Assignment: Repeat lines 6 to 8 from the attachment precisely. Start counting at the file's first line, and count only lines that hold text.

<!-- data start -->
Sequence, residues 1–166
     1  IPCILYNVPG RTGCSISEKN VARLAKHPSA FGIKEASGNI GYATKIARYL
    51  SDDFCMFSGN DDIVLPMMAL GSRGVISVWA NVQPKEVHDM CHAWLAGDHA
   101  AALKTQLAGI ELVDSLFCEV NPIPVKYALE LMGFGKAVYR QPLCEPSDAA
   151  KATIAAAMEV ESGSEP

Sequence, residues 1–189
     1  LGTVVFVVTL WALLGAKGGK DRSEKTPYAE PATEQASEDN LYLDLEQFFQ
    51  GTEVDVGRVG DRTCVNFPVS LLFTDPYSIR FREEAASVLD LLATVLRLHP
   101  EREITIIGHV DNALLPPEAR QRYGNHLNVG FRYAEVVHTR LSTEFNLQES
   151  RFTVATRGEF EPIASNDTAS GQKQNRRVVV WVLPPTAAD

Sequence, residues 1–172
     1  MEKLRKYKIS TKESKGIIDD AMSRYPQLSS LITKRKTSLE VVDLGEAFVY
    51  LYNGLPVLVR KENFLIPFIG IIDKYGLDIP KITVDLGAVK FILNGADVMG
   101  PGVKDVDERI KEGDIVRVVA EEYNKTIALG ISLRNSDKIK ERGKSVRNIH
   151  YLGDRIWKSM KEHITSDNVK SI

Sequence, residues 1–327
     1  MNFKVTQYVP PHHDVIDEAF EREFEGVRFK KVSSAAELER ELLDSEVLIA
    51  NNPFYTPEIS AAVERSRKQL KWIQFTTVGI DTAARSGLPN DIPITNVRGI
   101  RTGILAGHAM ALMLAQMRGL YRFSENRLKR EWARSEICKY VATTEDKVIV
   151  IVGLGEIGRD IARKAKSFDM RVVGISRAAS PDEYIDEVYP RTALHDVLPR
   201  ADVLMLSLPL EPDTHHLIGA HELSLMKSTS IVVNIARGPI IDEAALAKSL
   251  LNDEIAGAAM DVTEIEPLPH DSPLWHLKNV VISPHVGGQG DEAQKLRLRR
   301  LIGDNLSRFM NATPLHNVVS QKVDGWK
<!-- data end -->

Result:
Sequence, residues 1–189
     1  LGTVVFVVTL WALLGAKGGK DRSEKTPYAE PATEQASEDN LYLDLEQFFQ
    51  GTEVDVGRVG DRTCVNFPVS LLFTDPYSIR FREEAASVLD LLATVLRLHP